Natalie Arroyo Camacho

Here Are All the Lies I’m Unlearning As a Bisexual Latina

Art by Stephany Torres for Remezcla/Photo Credit: Natalie Arroyo Camacho

Soy orgollusamente mexicana y bendecida de ser Latina. I love how collectivist our culture is, how we look out for each other and put family first. But as much as I love that solidarity and collectivism, I can’t deny it has its thorns. One of the prickliest is, in my opinion, homophobia. Because of it, I internalized several lies about who I was as a person and what I could (but mostly couldn’t) do as a bisexual Mexican.

For instance, I couldn’t be genuinely happy or secure in my life if I didn’t marry a man. Because who would make enough money to pay our bills? And I couldn’t possibly marry a woman. Because who would carry on the family name? Let’s not forget the most important lie: I couldn’t be bisexual. Because it was just a lifestyle — one I could pray or choose my way out of.

It took decades (not even years) for me to unlearn the lies that I internalized growing up as a bisexual Latina. And it all starts with why homophobia is rampant in Latine communities and the lies I internalized as a result of my upbringing.

Natalie Arroyo Camacho
Art by Stephany Torres for Remezcla/Photo Credit: Natalie Arroyo Camacho
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Why Homophobia Is Rampant in Latine Communities 

Machismo and Marianismo.

Machismo is a sharp thorn within Latine communities. You might know this as the toxic masculinity that upholds patriarchy. I’d also wager that you are less familiar with marianismo, which Puerto Rican author Raquel Reichard defines as “a counterpart to the toxic masculinity of machismo, which venerates sexist, gendered virtues” in her debut book, Self-Care for Latinas

Marianismo, continues Reichard, “teaches girls and women that self-immolation is admirable.” It celebrates the women who, as Reichard puts it, “sacrifice their dreams and well-being for their partners and families.” My mother, and her mother before her, gave up dreams of having a career to instead start a family. As you can imagine, growing up as a bisexual Latina I often wondered how I could be useful or helpful to my family if I couldn’t continue their lineage. 

Catholicism and colonization.

Admittedly, I’m not the most religious person. I didn’t attend Catholic school or communion classes — my parents did that on my behalf. Perhaps that’s why they would often remind me and my siblings that our duty was to go to school, “sacar carrera,” and have babies (for the girls). This comes from the Catholic ideals that women are meant to bear babies that will grow up Catholic and bear more Catholic babies. You can see how being any level of queer didn’t fit into that mold.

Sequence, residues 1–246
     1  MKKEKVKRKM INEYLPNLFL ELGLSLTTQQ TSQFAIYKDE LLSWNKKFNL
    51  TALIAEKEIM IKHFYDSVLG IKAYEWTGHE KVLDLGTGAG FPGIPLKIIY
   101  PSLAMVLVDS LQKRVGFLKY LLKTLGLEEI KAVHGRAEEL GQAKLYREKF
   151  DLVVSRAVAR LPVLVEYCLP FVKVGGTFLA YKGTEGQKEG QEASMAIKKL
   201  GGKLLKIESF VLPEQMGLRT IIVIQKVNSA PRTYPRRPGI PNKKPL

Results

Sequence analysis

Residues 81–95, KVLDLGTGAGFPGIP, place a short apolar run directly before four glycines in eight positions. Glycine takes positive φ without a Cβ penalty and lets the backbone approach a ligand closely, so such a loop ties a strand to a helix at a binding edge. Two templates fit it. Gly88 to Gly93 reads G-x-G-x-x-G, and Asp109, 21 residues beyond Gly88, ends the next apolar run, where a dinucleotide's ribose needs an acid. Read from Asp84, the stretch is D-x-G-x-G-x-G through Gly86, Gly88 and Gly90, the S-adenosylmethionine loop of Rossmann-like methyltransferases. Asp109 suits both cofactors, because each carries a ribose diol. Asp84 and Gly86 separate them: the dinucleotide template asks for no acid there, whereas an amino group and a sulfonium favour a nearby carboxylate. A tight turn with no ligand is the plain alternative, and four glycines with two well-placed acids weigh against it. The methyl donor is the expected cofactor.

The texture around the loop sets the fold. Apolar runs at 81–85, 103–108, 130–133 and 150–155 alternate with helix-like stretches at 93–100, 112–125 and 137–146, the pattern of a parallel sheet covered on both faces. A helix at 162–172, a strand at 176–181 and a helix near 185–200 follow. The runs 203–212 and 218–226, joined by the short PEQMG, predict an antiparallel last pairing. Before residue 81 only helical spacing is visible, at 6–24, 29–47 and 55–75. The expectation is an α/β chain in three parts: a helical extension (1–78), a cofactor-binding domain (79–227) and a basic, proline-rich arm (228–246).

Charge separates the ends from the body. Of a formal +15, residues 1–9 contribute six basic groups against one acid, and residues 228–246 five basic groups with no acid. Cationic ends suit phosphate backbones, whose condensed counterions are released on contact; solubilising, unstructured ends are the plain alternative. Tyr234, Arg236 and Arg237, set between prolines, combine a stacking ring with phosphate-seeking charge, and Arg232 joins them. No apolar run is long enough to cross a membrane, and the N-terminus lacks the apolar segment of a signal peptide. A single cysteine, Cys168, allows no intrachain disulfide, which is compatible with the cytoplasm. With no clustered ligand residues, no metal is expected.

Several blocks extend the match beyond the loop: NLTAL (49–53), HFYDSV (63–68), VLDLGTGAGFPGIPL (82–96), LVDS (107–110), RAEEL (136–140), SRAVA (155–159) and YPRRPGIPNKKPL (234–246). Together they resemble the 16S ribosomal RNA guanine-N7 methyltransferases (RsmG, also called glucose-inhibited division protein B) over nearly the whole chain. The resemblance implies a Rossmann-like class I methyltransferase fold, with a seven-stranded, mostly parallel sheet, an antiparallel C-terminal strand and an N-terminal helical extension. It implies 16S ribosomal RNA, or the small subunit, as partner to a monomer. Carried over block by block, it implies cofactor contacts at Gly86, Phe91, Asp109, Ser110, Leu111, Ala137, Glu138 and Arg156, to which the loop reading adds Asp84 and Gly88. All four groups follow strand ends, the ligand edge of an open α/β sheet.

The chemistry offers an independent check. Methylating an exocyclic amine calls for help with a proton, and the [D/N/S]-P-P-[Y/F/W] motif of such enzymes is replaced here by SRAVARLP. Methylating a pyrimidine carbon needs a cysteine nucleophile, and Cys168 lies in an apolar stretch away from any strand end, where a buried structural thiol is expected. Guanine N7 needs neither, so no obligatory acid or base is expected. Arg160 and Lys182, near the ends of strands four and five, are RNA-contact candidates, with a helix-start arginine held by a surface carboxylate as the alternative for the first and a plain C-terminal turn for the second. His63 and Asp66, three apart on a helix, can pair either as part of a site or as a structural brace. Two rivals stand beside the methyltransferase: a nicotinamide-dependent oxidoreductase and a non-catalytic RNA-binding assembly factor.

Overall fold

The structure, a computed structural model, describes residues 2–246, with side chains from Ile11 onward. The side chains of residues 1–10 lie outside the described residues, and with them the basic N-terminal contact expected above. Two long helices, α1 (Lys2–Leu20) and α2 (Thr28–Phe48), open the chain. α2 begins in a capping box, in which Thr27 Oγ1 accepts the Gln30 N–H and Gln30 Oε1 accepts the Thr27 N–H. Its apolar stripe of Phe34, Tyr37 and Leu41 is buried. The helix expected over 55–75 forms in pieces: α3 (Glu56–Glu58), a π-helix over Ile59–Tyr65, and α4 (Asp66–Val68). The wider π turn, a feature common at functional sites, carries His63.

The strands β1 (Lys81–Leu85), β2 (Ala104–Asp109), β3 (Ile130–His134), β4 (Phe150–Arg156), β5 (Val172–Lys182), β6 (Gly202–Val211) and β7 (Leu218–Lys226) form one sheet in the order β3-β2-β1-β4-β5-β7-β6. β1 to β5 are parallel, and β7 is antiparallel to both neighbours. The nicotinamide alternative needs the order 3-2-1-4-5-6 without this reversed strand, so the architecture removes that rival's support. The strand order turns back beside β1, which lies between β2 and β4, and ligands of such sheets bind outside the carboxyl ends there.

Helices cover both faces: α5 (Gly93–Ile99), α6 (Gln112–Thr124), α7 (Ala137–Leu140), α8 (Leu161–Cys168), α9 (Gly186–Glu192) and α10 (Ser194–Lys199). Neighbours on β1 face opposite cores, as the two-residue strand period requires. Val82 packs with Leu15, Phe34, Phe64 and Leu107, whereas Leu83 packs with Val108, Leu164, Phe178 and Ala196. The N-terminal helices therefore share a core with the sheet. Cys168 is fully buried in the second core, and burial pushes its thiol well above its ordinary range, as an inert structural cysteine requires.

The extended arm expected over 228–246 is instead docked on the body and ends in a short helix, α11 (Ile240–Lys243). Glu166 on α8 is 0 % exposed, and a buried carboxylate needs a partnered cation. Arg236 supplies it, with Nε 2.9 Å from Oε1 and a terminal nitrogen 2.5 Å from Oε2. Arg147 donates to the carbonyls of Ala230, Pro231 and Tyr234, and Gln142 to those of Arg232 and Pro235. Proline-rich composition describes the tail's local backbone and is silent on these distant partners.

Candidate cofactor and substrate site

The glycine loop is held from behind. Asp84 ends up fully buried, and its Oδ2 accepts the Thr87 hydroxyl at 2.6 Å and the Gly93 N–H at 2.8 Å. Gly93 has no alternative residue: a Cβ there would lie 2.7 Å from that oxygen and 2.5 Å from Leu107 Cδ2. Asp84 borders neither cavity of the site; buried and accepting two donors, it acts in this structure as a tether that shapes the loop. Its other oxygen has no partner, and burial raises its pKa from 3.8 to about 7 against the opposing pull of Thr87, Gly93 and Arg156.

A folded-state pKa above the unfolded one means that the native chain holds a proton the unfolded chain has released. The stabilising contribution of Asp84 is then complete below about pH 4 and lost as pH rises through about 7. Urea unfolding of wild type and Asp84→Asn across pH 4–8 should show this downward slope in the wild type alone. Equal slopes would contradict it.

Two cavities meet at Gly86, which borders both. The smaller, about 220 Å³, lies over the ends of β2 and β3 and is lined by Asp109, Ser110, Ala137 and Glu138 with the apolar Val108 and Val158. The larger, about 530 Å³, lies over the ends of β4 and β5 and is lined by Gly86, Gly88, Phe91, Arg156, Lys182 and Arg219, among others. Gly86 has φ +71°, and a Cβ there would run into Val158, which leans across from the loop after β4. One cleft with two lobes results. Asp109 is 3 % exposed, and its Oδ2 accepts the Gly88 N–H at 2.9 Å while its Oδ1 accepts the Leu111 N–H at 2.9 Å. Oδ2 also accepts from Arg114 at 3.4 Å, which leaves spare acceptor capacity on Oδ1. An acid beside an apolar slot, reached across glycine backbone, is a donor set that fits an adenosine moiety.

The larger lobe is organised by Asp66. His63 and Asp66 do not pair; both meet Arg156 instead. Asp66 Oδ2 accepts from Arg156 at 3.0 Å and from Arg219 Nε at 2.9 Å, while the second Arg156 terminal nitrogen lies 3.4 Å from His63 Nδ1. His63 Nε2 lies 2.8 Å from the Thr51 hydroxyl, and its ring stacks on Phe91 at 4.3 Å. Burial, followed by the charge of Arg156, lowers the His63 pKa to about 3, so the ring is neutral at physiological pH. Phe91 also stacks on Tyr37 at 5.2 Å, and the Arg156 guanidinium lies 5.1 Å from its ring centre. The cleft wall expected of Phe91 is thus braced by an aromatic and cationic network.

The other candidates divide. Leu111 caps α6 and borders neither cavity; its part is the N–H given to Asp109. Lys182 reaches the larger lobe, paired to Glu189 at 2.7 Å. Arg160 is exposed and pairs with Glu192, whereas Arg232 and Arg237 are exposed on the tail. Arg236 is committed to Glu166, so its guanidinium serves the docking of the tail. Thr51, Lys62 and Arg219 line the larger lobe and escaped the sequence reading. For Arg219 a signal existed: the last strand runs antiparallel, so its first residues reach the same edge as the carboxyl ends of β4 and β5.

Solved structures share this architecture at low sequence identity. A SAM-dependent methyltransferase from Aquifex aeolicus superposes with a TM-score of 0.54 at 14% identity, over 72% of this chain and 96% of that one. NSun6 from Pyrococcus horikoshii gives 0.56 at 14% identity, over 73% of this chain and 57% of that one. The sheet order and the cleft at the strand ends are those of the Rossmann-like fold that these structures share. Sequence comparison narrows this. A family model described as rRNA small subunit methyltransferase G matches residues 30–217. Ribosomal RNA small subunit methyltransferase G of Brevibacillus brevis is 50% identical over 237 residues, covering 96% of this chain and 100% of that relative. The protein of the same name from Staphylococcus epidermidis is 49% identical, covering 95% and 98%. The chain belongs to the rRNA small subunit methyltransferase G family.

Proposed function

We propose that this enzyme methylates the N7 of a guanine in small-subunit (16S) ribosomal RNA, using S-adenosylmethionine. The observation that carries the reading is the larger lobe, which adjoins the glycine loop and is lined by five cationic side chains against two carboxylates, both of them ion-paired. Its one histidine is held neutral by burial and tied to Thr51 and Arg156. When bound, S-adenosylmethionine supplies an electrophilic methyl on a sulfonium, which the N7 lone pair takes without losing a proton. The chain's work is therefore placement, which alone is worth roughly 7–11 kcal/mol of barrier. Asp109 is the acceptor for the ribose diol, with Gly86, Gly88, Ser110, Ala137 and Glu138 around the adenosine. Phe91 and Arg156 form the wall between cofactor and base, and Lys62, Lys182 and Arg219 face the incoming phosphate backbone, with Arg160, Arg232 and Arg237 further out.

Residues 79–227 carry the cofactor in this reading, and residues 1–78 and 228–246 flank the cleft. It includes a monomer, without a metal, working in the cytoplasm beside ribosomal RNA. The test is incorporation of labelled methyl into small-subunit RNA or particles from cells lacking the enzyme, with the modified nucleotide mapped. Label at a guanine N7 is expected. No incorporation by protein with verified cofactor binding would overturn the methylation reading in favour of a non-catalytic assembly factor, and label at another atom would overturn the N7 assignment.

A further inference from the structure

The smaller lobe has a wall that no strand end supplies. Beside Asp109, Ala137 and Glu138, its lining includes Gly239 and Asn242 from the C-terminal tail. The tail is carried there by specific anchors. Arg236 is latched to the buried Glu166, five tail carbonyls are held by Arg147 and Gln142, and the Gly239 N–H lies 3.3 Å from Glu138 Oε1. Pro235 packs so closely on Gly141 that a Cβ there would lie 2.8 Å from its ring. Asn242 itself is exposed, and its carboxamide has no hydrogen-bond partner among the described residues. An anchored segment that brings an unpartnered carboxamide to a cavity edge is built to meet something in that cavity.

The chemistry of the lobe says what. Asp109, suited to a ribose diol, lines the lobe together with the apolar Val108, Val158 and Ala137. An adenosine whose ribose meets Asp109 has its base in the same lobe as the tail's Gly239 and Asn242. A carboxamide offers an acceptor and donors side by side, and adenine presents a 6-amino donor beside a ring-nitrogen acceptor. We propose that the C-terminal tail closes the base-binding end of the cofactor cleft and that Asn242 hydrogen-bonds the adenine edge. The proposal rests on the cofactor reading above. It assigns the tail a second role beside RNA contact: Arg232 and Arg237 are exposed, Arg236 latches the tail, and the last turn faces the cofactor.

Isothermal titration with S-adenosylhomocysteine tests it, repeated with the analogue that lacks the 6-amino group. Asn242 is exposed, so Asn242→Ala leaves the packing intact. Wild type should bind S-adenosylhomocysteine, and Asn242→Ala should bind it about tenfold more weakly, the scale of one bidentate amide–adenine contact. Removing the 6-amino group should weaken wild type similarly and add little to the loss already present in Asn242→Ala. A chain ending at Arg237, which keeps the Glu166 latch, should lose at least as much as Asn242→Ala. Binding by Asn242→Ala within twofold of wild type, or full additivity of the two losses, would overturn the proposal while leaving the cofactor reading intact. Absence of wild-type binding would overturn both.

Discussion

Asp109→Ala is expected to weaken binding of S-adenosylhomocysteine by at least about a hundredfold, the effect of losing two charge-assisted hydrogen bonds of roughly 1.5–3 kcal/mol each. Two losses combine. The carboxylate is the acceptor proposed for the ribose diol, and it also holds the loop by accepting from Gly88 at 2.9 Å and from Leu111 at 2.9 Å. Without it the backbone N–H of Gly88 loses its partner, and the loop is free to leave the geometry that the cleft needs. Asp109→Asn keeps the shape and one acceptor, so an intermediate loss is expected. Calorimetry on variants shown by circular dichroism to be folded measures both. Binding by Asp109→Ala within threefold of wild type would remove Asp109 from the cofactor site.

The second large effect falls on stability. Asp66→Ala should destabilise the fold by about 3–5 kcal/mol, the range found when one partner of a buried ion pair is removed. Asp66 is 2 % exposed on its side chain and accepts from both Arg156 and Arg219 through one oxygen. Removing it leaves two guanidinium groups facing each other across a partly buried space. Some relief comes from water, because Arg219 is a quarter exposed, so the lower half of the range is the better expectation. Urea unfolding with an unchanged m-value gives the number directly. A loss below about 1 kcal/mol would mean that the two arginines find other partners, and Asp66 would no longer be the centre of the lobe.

Machismo, marianismo, and Catholicism are also a direct result of colonization. It’s important to note that our Indigenous roots had some sort of patriarchy and inequality — no society is perfect. But before colonization, we didn’t have the Catholicism and machismo that we know today. And books like Queer Indigenous Studies and historians speak on how Indigenous communities did not adhere to the Eurocentric ideas of gender or sexuality and had a three-gender system that predated colonization.

Art by Stephany Torres for Remezcla/Photo Credit: Natalie Arroyo Camacho
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The Lies I Believed as a Bisexual Latina

I have to marry a man to be secure and happy. 

For better or worse, my family always tried to look out for my future. They modeled what (one type of) success would look like: a man and a woman having as many kids as they could — regardless of how unhappy it made them. So, my future would surely be similar. Spoiler alert: It wasn’t. I’m my own model of success: the first woman in my family to live on her own and pay her own bills. Turns out I never needed a man to be secure or happy. I was what I needed.

Being gay is a “lifestyle.”

This one I heard from my nuclear and extended family, which contradicts the fact that my mom’s gay brother lived with us and was our nanny. “We don’t agree with your tío’s estilo de vida,” my family would say. You might see how easily I internalized that I needed to choose not to be queer. Try as I did, though, I couldn’t “choose” differently or “pray the gay away.” Because such a thing never existed. But it does exist and it’s not a lifestyle. To quote Lady Gaga: I’m beautiful and I was born this way.

There’s no way I’m ending up with a woman.

I have to put this lie on my brothers. When I first told them that I might be into girls, they brushed it off as a phase. They literally uttered the words, “No way you end up with a chick.” For the most part, I believe what people say — even when they’re completely wrong. That’s why this lie hit so hard. And unlearning it to be my most authentic self meant that I had to learn to assess statements from others and refute them if necessary. The truth: There is a way that I end up with a woman. But even if I don’t, that doesn’t make me any less bi. (Pro tip for doing this: Spend a lot of time getting to know who you really are so that you can easily ignore the lies people tell you.)

There’s something wrong with me.

This one is straight-up on Catholicism. I used to wake up in sweats from nightmares that I was burning in hell. Even though I didn’t go to church much, I knew the fate that Catholicism bestowed on me as a bisexual. As such, I always thought there was something wrong with me. Now that I’m older, I realize there’s something wrong with society. Not me. While there are certainly things I would like to fix about myself — like my patience and discipline — my sexuality and the fact that I’m bisexual will never again make that list.

This post is part of Remezcla Pride 2024: Identity Edition. Learn more here.